Fauxmo is still a very small-scale project, mostly for personal use, and it will likely irreparably break in the next year or two as the Echo and WeMo devices change how they work. I think you're overstating the amount of inconvenience that it places on users to require 3.6 in this case; pyenv is widely available, has a small footprint, it's easy to use and install, and frankly it's much better supported than this relatively young, very small project. Installing a more modern version of Python is simply not that big of a deal, even on a Pi, and I've had instructions on how to go about it font-and-center of the Fauxmo README for quite some time.

Conversations like this certainly makes me covet Go's static binaries even more!

@skorokithakis

This comment has been minimized.

skorokithakis commented Jan 22, 2018

Ah, I see; that's fair. I'll try installing pyenv and seeing how it goes. Yep, static binaries are a great solution to this :/

@n8henrie

This comment has been minimized.

@skorokithakis

This comment has been minimized.

skorokithakis commented Feb 13, 2018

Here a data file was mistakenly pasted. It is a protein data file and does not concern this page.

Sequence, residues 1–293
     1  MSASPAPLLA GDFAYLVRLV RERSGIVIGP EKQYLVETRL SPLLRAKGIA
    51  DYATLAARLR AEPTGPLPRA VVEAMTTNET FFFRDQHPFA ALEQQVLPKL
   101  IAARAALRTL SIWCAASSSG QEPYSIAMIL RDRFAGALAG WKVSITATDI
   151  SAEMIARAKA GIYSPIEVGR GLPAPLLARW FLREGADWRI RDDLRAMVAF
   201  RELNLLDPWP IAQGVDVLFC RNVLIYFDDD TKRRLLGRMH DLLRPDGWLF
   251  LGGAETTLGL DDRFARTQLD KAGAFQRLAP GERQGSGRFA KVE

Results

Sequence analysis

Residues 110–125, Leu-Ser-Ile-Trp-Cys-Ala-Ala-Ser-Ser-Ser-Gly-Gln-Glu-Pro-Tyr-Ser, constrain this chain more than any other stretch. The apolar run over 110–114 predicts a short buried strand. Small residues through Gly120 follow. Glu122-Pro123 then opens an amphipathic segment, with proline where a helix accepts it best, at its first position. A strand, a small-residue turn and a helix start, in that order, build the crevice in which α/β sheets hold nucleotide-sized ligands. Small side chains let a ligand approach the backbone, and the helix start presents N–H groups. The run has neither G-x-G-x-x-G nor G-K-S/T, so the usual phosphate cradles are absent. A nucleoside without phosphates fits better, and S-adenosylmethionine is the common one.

Good writeup, thank you! 16 minutes is maybe acceptable for me, although I wouldn't want to wait for hours to install a version of Python used by just one script. It's great that you made the scripts and benchmarks available, as I always like having references I can point to if someone has the same question about Python buildtimes on a Pi in the future, thanks again!

@TimothyBramlett

This comment has been minimized.

TimothyBramlett commented Apr 14, 2018

I would say f strings should be removed simply bc Python 3.6 is not even available in the Raspbian repos yet. I could compile from source but I don't like compiling on such a small machine.

@n8henrie

This comment has been minimized.

Owner

n8henrie commented Apr 14, 2018

I would say f strings should be removed simply bc Python 3.6 is not even available in the Raspbian repos yet.

Thanks for your input, but I don't find this a compelling reason. Fauxmo isn't available in the Raspbian repos, either. In short, I don't plan to restore Python 3.5 compatibility. If a user made a PR that restored 3.5 compatibility, I may or may not merge, but I will likely continue to use 3.6-only features going forward that would break it in short order.

I could compile from source but I don't like compiling on such a small machine.